Students react to pass/no pass grading being extended through the last day of class

USC announced on Wednesday that students have the option to change to the pass/no pass grading option following a petition asking the university to extend the deadline

Zoom fatigue, no fall break and other difficulties due to the COVID-19 pandemic have taken a toll on many USC students' mental health this semester.

The struggles students have been facing led to the creation of a petition calling for the university to allow all students the option to take their courses with a grade of pass/no pass, similar to the option that was created last spring at the onset of the pandemic. The petition garnered more than 5,000 signatures.

On Wednesday, President Folt announced in a video message that the university would extend the Pass/No Pass grading option deadline through the last day of classes on Nov. 13. All courses taken Pass/No Pass during the fall semester will count towards all major, minor and graduation requirements for all undergraduate students. The university is also extending the deadline for dropping a class to Nov. 13.

For Audrey Keeling, a junior majoring in biomedical engineering, switching from letter grades to pass/no pass last semester was helpful for her mental health.

“I took a class pass/no pass and it was really helpful for me to know that I wasn’t going to be penalized for having a tough time with the online format,” she said.

Amanda Elimian, a senior majoring in health and human sciences, said that pass/no pass option will be even more beneficial to STEM students in their first three years because the classes are already difficult, and being online makes them even more complicated.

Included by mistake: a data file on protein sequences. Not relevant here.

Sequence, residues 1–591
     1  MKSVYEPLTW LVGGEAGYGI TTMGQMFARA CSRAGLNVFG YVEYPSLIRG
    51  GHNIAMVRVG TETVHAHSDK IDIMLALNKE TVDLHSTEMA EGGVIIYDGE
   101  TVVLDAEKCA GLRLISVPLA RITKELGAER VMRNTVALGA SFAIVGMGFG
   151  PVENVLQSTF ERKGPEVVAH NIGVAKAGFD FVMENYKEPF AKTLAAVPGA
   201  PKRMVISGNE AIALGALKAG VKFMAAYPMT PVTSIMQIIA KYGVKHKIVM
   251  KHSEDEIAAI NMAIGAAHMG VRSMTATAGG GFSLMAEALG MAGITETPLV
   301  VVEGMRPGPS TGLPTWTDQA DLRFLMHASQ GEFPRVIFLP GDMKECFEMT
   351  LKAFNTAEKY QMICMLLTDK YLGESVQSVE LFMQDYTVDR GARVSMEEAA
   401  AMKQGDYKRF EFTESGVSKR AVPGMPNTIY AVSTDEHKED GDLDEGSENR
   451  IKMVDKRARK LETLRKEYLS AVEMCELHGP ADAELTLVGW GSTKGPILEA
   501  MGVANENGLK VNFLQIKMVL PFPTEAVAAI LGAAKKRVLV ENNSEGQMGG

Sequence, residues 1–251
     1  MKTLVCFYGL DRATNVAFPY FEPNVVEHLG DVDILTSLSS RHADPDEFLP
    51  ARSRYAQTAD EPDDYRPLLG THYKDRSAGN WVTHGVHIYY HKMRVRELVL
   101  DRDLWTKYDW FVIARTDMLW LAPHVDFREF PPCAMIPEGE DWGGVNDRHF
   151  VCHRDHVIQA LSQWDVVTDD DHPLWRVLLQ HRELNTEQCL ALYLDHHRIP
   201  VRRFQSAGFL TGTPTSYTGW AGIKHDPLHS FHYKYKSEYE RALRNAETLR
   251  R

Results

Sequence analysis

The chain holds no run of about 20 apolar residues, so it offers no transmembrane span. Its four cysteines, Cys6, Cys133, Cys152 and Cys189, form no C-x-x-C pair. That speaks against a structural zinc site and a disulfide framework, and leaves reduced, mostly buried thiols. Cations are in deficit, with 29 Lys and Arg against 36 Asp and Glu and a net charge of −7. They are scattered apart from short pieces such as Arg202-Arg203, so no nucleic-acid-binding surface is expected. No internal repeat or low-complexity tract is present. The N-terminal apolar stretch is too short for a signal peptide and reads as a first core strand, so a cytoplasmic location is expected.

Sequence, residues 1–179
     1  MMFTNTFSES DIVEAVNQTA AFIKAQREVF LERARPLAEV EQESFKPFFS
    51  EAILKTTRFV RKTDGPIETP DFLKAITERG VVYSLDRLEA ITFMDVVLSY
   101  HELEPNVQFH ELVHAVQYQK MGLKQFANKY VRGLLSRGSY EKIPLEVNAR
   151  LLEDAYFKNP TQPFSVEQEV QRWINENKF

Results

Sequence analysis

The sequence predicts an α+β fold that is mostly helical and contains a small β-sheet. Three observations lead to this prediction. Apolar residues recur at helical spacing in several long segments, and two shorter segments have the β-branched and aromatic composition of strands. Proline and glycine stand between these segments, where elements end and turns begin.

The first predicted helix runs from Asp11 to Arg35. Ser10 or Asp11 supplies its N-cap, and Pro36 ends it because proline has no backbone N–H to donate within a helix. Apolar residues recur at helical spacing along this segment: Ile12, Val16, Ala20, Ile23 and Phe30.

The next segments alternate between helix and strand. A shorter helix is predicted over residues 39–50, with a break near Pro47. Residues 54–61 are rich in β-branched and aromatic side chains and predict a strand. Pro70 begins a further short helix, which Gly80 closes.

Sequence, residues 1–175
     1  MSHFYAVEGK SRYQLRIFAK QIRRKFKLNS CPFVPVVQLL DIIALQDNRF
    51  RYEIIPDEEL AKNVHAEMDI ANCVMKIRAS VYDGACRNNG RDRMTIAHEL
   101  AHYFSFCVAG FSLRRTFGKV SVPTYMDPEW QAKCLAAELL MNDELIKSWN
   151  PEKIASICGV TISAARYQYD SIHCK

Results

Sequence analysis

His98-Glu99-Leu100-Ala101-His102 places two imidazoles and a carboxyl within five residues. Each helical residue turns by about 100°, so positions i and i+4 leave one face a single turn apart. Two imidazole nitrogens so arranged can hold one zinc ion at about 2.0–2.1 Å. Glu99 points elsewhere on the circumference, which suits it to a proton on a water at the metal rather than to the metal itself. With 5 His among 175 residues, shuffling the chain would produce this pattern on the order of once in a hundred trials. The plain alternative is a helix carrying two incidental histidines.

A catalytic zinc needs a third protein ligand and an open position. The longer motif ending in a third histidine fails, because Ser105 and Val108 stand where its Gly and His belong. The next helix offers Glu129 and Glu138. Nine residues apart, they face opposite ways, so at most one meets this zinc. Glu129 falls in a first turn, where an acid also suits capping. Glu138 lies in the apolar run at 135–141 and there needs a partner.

“I feel terribly bad for people who are taking organic chemistry right now, because when I took that, I was losing my mind and I was allowed to go outside,” said Elimian. “I … think it’s really going to help the people who are freshmen and sophomores … taking all those natural science classes that are really hard.”

Elena Kittle-Kamp, a junior majoring in classical languages, said she believes USC should allow the pass/no pass option regardless of classes being online.

“Students have a lot of things that they’re dealing with. Some students have jobs, multiple jobs. Some students have a lot of mental health struggles that they’re dealing with. Some students have to take care of their families at home,” said Kittle-Kamp. “So I think USC should keep it..And it may be helpful with students' mental health as a whole if they know that if they fail the class is not going to tank GPA.”

However, Keeling also had concerns about how possibly having future semesters take place in this format could damage the university’s reputation.

“[If] I had to make a decision, I would say that, yes, it should be allowed for every semester that we’re forced to be in the online format. But that’s not without some concern for the end result ... or what employers will think about pass/no pass classes,” she said.

Pass/no pass courses have historically created difficulties for students in pre-health, director of the Office of Pre-Health Advisement Dr. Kenneth Geller said. According to Geller, pass/no pass helped students, but medical schools tend to not look kindly on required classes taken with pass/no pass grades. He realizes the merits of the pass/no pass option during these difficult and uncertain times.

“[Pass/no pass] was an amazing policy that helped the students,” Dr. Geller said. “It was compassionate and student-oriented. Many universities didn’t do that.”

But Dr. Geller emphasizes that building up too many pass/no pass classes on a student’s transcript could be problematic for medical schools. Last spring, California medical schools announced that if students took required courses with a grade of pass/no pass, they would not consider it a mark against the students. But in Dr. Geller’s experience, this policy doesn’t speak for the rest of the nation. He recommends his students take an A- over a passing grade, and only use the option when absolutely necessary.

“I think that overall this new policy won’t hurt the students. They just have to use it wisely,” Geller said.